One question I’ve heard come up a couple of times now is regarding the use of guitar capos, and whether or not the use of a guitar capo constitutes ‘cheating’.
That is a valid question, and one that may be particularly important for beginners, who may fear that using a capo somehow makes them less of a guitarist, or someone that should be looked down upon.
But is that actually the case? Let’s look into this a little bit deeper.
Fundamentally, What Are Capos For?
More than anything, capos are a tool. And just like any tool, they have a specific set of cases that make them useful. Some of these may include:
- Making it easier to play chords with open strings, that would otherwise have to be barred (without the capo.)
- Changing the timbre of a chord.
- Reducing the distance between frets when playing certain chords, making them easier to play.
- Granting yourself to play a song in different keys, without having to relearn a new set of chords or transpose on the fly. This is particularly useful when playing live, as singers commonly like to change the key to fit their voice.
As you can imagine, some of these are quite important.
Can you get by without using a capo? In most cases, yes.
However, just because you can do something doesn’t mean that you should.
While relying on a capo to avoid developing your skill further may hinder you in the long run, avoiding the use of a very valuable tool just because it makes things easier is silly.
After all, you wouldn’t avoid using a pick just because it can help you strum faster, and you wouldn’t avoid using a guitar strap because it helps you hold the guitar easier.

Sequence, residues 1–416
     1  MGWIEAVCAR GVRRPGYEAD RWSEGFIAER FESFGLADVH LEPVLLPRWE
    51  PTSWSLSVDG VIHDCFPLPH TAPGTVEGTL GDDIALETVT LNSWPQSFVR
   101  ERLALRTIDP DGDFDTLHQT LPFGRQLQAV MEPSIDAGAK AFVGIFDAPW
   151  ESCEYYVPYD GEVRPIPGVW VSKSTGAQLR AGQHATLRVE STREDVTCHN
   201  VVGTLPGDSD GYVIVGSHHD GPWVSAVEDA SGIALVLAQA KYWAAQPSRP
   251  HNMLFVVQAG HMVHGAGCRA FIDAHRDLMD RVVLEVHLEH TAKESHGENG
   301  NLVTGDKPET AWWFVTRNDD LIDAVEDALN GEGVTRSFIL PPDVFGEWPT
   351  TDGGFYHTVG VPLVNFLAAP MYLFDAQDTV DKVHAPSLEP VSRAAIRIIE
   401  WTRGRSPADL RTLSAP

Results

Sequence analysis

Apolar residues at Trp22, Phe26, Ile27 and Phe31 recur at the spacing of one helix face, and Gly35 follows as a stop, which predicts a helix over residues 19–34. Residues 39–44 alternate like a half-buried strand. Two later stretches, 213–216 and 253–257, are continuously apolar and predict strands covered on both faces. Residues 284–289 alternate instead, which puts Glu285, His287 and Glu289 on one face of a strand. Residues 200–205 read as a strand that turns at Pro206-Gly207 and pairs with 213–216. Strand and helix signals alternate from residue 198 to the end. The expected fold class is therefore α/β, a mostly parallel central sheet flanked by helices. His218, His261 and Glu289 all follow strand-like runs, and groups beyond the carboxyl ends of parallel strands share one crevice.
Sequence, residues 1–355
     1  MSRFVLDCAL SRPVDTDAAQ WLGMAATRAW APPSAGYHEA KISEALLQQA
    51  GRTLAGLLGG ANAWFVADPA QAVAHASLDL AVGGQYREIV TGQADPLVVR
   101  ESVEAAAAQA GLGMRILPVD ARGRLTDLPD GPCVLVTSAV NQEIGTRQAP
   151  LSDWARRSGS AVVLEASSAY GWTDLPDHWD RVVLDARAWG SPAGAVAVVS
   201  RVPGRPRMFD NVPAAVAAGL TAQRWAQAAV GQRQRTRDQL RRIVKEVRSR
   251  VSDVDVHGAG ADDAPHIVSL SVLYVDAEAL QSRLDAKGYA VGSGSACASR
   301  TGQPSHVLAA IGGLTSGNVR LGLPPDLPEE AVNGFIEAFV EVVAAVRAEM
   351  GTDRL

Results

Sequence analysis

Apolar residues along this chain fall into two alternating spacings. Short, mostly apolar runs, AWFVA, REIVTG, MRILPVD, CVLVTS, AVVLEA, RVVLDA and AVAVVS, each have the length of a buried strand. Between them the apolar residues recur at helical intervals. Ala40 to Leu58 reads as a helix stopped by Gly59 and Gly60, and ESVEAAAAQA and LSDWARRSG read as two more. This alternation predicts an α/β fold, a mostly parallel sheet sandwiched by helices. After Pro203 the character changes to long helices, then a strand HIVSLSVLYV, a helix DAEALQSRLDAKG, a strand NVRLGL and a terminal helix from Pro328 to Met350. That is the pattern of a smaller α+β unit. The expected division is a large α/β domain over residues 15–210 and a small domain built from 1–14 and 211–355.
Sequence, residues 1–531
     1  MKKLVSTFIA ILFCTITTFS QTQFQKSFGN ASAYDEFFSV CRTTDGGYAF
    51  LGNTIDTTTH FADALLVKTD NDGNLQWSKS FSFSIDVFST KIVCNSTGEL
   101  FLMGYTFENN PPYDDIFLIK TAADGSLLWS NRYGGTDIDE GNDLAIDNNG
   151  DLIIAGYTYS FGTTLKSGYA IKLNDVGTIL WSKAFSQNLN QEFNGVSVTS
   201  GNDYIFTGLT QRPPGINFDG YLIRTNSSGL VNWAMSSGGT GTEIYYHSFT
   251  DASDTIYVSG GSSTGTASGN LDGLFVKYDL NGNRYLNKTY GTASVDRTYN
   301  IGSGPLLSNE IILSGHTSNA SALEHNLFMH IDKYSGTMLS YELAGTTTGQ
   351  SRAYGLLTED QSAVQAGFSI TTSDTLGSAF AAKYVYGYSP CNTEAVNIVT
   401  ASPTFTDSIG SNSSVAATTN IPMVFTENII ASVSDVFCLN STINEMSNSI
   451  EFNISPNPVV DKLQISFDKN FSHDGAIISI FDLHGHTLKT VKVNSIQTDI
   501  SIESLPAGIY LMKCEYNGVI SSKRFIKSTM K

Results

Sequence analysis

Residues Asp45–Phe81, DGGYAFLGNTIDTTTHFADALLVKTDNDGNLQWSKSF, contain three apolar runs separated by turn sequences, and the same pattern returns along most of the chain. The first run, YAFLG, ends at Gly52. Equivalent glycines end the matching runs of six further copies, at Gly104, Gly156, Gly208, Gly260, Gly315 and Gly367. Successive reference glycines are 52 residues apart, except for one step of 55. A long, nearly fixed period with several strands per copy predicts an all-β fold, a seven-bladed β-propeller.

Ultimately, what matters most is the sound you get out of your instrument, and the performance you put on for your audience.
And let’s be real – they certainly won’t care.
Still Worried? Check This Out
When it comes to any skill, there will always be people out there who have the need to feel superior to others, and this may manifest itself in weird ways.
Despite that, nobody really considers guitarists any less of a musician by using a capo, even in circumstances where you’re using it as a crutch. There are certainly topics within guitar culture that can cause some heated debate, but the use of a capo in all honesty isn’t really one of them.
Therefore, if you’re a beginner, there is no need to feel shame by embracing the use of your capo.
Even professional guitarists use capos when recording and performing their own music.
I would be hard-pressed to find anyone playing ‘Here Comes The Sun’ without a capo on. This wasn’t the only Beatles song that utilized a capo either – George Harrison would even put a capo on his Rickenbacker electric guitar at times.
And if it’s good enough for The Beatles, it’s good enough for me.
What Capo Do We Recommend?
Although most would agree that you can never have too many capos (it is way too easy to lose the darn things), it is usually a better idea to invest in one high-quality capo than a bunch of cheap ones.
Unless you plan to do some sort of crazy performance like this one, I suppose:
Anyhow, one capo I can’t recommend highly enough is the G7th Performance 3.
It’s designed to naturally fit all guitars (both acoustic and electric) and has adjustable tension. I’ve never had a problem with it applying equal pressure across all strings, and you don’t have to constantly move it around to get it to hold all of them down.
I’ve used G7th capos for years on a wide variety of guitar necks – Stratocasters, Les Pauls, and a large number of acoustics. I’ve never had a problem with any of them, and if I were buying my first capo today it would definitely be that one.
Capos are a very valuable tool that every guitarist should have.
Although they aren’t strictly necessary and may be used less frequently once you’re knowledge of chords grows, you will always want to have one around. Nobody should ever look down on you for using a capo, and even professionals still use them when they are needed.
While you should always continue to push your limits to further build your skill, embrace the capo for the value it holds!